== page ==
The earl of Guilford said, his majesty's ministers still pertinaciously adhered to the opinion held on the 30th of December; and the public were to understand, that they had resolved not to enter upon any negotiation which should not make Belgium a sine qua non, and they had called upon the house to support them in that determination. He, who during the whole course of the war hadquestioned their sincerity in negotiating, must own that they were consistent in acting upon the address of December; since they had by that method secured themselves from the means of attaining peace, and called upon the house to declare that they would not negotiate for any which they were likely to obtain.
Earl Spencer resented the idea that ministers were not sincere in their wishes for peace. A reference to the papers would show, that the proposals were not given as an ultimatum: thay gave none whatever, though called upon in a most Unprecedented manner by the French government. He thought the adoption of the motion would retard instead stead of accelerating peace; it would prove to France, and to Europe, that we were willing to make it upon any terms.
Tbe earl of Guilford replied, that lord Malmesbury, though he desired M. Delacroix to suggest a unlreprnjet, had expressly made the surrender of Belgium a sine qua rum. Now if he understood diplomatic language, a tine qua non was an ultimatum.
The earl of Oxford frose, and said, that the only intelligible argument which had been employed against his motion' was, that it exposed the distresses of the country to the enemy. He demanded whether his motion was likely to do this in any comparison with the order of the council, which the ministers had recently issued, and the sentence thereby issued against our credit and nation? My lords (said he), I must not be told that this address is improper to be carried to the throne, when there is not a sentiment in it that I have not taken from the, very words of his majesty: and the best reply I can make, will be to read a few passages from his most gracious and admired speech, at the close of tbe American war.
"My lords and gentlemen, "Since the close of the last session, I have employed my whole time in the care which the critical conjuncture of public affairs required. I lost no time in prohibiting the farther prosecution of offensive war upon the continent of North America; adopting, as my inclination will always lead me to do, whatever I collect to be the sense of my parliment and people: I have pointed all my views, as well in Europe as in America, to an entire and cordial jeconciliation with these colonies.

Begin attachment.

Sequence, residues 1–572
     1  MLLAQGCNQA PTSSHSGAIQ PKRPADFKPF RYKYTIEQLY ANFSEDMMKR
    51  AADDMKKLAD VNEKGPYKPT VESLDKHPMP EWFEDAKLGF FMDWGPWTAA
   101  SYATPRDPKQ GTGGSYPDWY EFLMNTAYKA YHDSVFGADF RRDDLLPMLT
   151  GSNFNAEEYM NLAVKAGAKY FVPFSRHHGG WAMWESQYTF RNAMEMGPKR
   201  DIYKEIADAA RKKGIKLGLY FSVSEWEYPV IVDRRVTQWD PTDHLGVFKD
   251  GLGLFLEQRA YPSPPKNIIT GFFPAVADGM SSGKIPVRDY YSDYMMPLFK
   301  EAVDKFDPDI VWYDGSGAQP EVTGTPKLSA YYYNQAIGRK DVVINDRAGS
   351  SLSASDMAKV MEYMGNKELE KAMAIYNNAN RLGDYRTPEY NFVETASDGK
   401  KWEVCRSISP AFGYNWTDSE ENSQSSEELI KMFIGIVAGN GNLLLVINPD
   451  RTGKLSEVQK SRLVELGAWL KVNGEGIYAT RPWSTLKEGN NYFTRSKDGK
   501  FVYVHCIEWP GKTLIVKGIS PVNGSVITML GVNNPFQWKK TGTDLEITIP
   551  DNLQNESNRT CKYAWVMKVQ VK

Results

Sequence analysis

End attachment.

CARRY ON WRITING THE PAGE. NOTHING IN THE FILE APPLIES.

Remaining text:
"Finding it indispensable to the attainment of this object, I have offered to declare them free and independent states, by an article in the treaty of peace.
"In thus admitting their separation from the crown of these kingdoms, I have sacrificed every consideration of my own to the wishes and opinions of my people."
Here my lords (continued his lordship) you see his majesty giving up America, and sacrificing every consideration of his own to the interests of his people ; and am 1 to be told that Belgium is of more importance than America!—To the house of commons his majesty says,—
"I have endeavoured to diminish the burdens of my people by every measure in my power: i have introduced a better economy into tbe expenditure of the army: I have carried into execution the reductions in my civil list expenses, directed by an act in the last sessions. I have suppressed several sinecure places in other departments, and so regulated my establishments, that my expenses shall not exceed my income. . '* I must recommend to you an immediate attention to the great objects of public receipts and expenditure, and, above all, the public debt. "It is to be hoped that such regulations may be established, such savings made, and future loans conducted as to promote its gradual redemption, by a fixed mode of payment. I must distinguish that part of the debt which consists of navy, ordnance; and victualling bills; the enormous discount upon them, shews this mode of payment to be a most ruinous expenditure.
"I have ordered the several estimates to be laid before you; it it my desire that you should be apprised of every expense before it is incurred., as far as the nature of the
service service will possibly admit. Matters of account can never be made too public. The regulations of a vast territory in Asia opens a large field for your wisdom, prudence, and foresight."
The earl of Oxford then proceeded to declare, he trembled for the fate of India: it would ere long be lost to England. And where was the wisdom of ministers respecting that country? From our blind confidence in them, alas ! we should live to see that vast and glorious empire fall into pieces in their hands!
The duke of Bedford said, before they proceeded to the question, he must advert to two or three things that had been thrown out. The noble marquis was correctly informed respecting tbe indecent haste with which the address of the house, on the 30th of December, had been obtained. He himself had found reason at the time to complain of the manner in which it was hurried through, and in which the house had been surprised into that address; but under whateve? circumstances it bad been carried, and however adopted, it was certainly no argu« ment against re-consideration.